Stars are out for the F-type Coupe

We digress and ponder whether it's both iconic and a cautionary tale?

By James York, 22 November 2013

simon cowell

It was a star-studded occasion, with the likes of Simon Cowell, David Gandy and Miranda Kerr deigning the launch of the new F-Type Coupe with their presence. Whilst the stars always avail, we found ourselves totally side-tracked. It's good for Britain that Jaguar has done well but... As the designer Jacek Utko correctly observed, "You need to remember that: to be good, is not enough."

This is obviously a sensational car. It's something that Britain should be proud of and, yet, also temper with reality. To succeed in the global market, and nudged by a series of governments, the British motor industry struck successive fiduciary accords with globalised businesses.

Look at what's been achieved, by Jaguar alone, with such support. And then answer this: how does Germany sustain its global motor brands with a higher average wage, manufacturing their product domestically, without wholly losing majority economic equity in homegrown brands? A mouthful, but ponder it. We just thought we'd throw that out there…why? When we clap and applaud Jaguar, we still do so wondering whether it could have nonetheless achieved such success without foreign business aid. If Germany can, why not the Brits?

That's not intended to be jingoistic, it's just an inquisitive logic. And it's directed at successive governments that have all but kicked the motor industry towards this status quo.

Made in the UK, designed in the UK. Jaguar isn't really British anymore, though, not in the way BMW or Mercedes are a German brand. It's presented as British, usually by the BBC (state-owned) and government business stewards, but it's really owned by an Indian conglomerate, Tata. In recent interviews, Jaguar execs have even gone as far as to say that, without Tata's large coffers of cash, the brand wouldn't have been able to climb to the top of the pile of car marques.

Firstly, the designers at this business are second to none, the products they have produced have, especially latterly, been of high quality (see this car). Secondly, they sell a lot of cars. Was it really just financial support that helped turn around Jaguar's fortunes, post-Ford's £1.15bn sale to Tata, or was it cultural and strategic? Were the aforementioned variables injected by the new owners, or empowered because of the financial security they offered? It was probably more a combination. One of the first things Tata did was to unleash Jaguar's imagination - with a whopping £1bn on R&D. (We think it may have worked...)

f type coupe

We hear you, does it matter if a brand is owned in the UK? Yes, it probably does make a bit of a difference on an economy. There's a pretty simple example: Germany had a balance of payments surplus in 2012 of €24bn and the UK ran a deficit of £29bn in 2011. Most German Motor brand manufacturing is owned or listed domestically. Note: We found Germany's stats pretty easily, on page two of their PDF. Whereas the ONS hid the UK's figure away a dozen pages in - interesting contrast of approaches?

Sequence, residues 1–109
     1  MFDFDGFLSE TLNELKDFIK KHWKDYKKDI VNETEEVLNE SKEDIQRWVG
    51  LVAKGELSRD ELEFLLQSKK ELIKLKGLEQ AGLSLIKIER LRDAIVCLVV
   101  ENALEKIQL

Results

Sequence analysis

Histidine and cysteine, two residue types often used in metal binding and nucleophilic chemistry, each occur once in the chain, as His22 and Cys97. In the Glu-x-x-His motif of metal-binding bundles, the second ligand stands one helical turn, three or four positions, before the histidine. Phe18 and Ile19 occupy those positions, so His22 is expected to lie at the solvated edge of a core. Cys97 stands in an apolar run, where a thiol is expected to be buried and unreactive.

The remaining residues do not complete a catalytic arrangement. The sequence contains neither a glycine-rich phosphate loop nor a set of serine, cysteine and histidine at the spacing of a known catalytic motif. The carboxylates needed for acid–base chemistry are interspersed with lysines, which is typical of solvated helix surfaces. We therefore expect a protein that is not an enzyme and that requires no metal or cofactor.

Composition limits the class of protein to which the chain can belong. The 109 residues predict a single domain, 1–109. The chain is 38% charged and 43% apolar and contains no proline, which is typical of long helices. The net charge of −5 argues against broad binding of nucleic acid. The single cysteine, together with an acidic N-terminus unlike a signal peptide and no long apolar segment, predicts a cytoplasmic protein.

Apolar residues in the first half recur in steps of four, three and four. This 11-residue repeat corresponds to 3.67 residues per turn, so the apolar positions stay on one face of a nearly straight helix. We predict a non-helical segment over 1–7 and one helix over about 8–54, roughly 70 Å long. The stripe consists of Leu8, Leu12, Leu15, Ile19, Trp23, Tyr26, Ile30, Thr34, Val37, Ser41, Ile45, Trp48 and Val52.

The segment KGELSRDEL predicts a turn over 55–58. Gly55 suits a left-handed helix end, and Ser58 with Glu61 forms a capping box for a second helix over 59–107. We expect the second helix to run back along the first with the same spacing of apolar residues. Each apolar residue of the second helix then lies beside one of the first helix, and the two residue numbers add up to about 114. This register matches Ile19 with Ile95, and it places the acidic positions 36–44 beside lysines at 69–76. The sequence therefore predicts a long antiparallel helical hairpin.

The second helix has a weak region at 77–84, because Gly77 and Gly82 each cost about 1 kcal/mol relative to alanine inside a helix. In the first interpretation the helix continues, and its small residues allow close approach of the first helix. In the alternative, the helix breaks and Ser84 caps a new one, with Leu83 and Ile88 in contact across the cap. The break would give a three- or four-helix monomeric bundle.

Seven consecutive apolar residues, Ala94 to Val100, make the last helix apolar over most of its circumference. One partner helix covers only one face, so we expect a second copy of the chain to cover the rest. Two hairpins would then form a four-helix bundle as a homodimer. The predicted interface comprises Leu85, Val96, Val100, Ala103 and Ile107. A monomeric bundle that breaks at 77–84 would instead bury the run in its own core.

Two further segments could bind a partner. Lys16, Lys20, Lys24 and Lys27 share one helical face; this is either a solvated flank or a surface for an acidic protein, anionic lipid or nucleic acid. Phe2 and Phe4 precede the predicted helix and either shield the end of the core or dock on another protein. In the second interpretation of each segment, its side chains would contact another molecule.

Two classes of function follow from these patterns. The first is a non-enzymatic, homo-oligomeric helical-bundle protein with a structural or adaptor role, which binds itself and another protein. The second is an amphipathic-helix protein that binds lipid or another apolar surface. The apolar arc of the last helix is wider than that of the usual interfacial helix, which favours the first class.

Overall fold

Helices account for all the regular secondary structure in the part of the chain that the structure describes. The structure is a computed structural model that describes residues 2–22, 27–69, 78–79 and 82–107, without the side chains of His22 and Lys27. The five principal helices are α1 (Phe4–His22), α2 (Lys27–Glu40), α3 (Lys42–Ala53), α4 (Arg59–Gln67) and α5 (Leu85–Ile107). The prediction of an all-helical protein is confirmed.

We only ask all this because, apparently, the government is searching for a means to "export" Britain out of recession. And, it's not just to the naked eye, Jaguar is a massive success story - but more than that, it's a possible blueprint for others to follow suit. If it is just a matter of financial security, and exports are really that important (they are, GDP = C+I+G + X - M), why did the banking sector get a £375bn+ QE free credit line, and policy wasn't balanced with similar underwriting precedents for the exporters and manufacturers, like Jaguar? It's not just hindsight that fills in the gaps. Long has the reality been painted over with a service-industry bias.

In context, the strategy for heavy industry - and even now with infrastructure - has been to get someone else to pay for it. Money and debt has been tasked to systematic risk, rather than microeconomic growth. (Eggs. In. One. Basket.)

Considering the comparison with Germany - whose policy has, historically, been more affective? *Cough - Germany.* Rather than solely making commercial guarantees to Foreign Direct Investors (which are obviously a very important variable as well), a better domestic balance would surely be prudent? Especially if you look at what Jaguar achieved with a financial security and a new culture of R&D.

Jaguar are world-class. It's a mostly British brand. But more than that, it represents both a cautionary tale and a proud blueprint - all wrapped into one. It's a juxtaposition of British creativity and what must amount to a self-destructive policy-making dyslexia. Jaguar deserved better and, ironically, it got it from an international business - rather than its own domestic economic guardians.

The F-Type is a feat of engineering, a thing of beauty. It will sell like a luxurious hotcake from Ladurée. That's reward for the amazing foresight shown by Tata, bankrolling the marque - they'll deservedly reap the dividend for that risk. Foresight, risk appetite: both are certainly not traits exhibited by business policy-makers for some time.

Anyway, we digress to melancholy, let's get our heads out of our rears. We should just be pointing you toward the holy land of aspiration that these pictures and handsome celebrities herald. F-Type must surely mean, "fantastic-type". If you have a disposable income equivalent to the GDP of Weston-super-Mare, indulge. We would, and we'd salute Tata as we revved that V-6 supercharged engine into orbit.

jaguar f-type

The New F-type is a beaut

Curves in all the right places and substance under the hood

david gandy and the new jaguar